Restored Subcommittee Takes On Capitol Hill
Of all the changes that transformed daily life on Capitol Hill in 2007, perhaps no Member played a bigger role than a second-term Congresswoman from Florida.
Rep. Debbie Wasserman Schultz (D-Fla.), a Chief Deputy Whip with a reputation as a prolific fundraiser, added subcommittee chairwoman to her résumé last January when Speaker Nancy Pelosi (D-Calif.) appointed her to head the Appropriations Subcommittee on the Legislative Branch.
The job ahead was no easy one. It was the first time in two years the House panel even existed, as Republicans had disbanded it in the 109th Congress. Cost overruns and delays continued to plague the Capitol Visitor Center, and the entire legislative branch was operating under a continuing resolution.
But by the end of 2007, Wasserman Schultz and her colleagues on the panel had secured a small increase in agency funding while also increasing oversight of the CVC, Capitol Police, Architect of the Capitol and other Congressional agencies.
“There are people who are fast out of the box and get started quickly,” said Chief Administrative Officer Dan Beard, whose office is funded through the subcommittee. “She is like a rocket out of the box.”
It could be argued that Wasserman Schultz had to act more quickly than was expected, because for the early months of 2007, the subcommittee took charge of not only funding the legislative branch but also managing it.
Congressional jurisdiction gives most managerial duties to the House Administration Committee. But Chairwoman Juanita Millender-McDonald (D-Calif.) was privately fighting cancer in early 2007 (she died of the disease in April), which prevented the panel from hosting hearings and tackling problems.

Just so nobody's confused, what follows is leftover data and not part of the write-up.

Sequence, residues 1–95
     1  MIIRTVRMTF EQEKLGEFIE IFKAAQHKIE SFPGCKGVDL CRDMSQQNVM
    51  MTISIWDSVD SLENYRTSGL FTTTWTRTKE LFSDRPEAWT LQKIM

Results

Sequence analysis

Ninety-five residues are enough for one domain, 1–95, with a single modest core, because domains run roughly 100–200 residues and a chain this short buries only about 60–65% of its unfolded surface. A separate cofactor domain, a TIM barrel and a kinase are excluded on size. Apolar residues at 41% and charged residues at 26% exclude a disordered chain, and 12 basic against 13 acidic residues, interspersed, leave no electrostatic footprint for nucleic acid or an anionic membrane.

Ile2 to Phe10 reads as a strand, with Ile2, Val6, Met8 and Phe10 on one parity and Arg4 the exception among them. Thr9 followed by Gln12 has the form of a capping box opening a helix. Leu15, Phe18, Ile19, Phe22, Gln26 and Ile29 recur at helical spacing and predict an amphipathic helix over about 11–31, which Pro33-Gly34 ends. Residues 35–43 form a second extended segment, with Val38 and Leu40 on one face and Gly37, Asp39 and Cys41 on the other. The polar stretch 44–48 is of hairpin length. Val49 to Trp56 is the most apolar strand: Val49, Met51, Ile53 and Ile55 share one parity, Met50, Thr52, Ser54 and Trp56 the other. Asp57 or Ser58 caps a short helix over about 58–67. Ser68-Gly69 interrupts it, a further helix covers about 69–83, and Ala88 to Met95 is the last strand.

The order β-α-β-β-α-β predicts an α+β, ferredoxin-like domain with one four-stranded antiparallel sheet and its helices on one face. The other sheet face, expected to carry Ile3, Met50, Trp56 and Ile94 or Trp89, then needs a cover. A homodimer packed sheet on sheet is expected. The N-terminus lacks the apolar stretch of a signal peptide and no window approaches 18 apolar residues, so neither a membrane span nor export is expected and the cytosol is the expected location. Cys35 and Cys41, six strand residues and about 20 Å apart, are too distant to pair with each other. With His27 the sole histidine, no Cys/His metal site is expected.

So the Appropriations subcommittee stepped in. In an interview, Wasserman Schultz said her priority was and continues to be making sure the money the committee hands out winds up in capable hands.
“Accountability from this subcommittee has been the major, major focus for me,” Wasserman Schultz said of legislative branch agencies. “I certainly can’t do their jobs for them, but I want to make sure we guard the taxpayers’ dollars.”
Wasserman Schultz — who maintains a strong working relationship with ranking member Zach Wamp (R-Tenn.) — focused her efforts in 2007 on the AOC, particularly the management of the CVC project, which was $300 million over budget and two years delayed by the start of the year.
“I realized off the bat that the Architect of the Capitol’s office was adrift,” Wasserman Schultz said. “It wasn’t just that the CVC distracted them; there were so many projects.”
To help fix things, the panel included a provision in its appropriations bill report creating an inspector general at the AOC. Monthly oversight hearings of the CVC also began. By November, the AOC and Government Accountability Office had agreed on an opening date and cost for the first time. (The CVC is now slated to be completed in November with a price tag of $621 million.)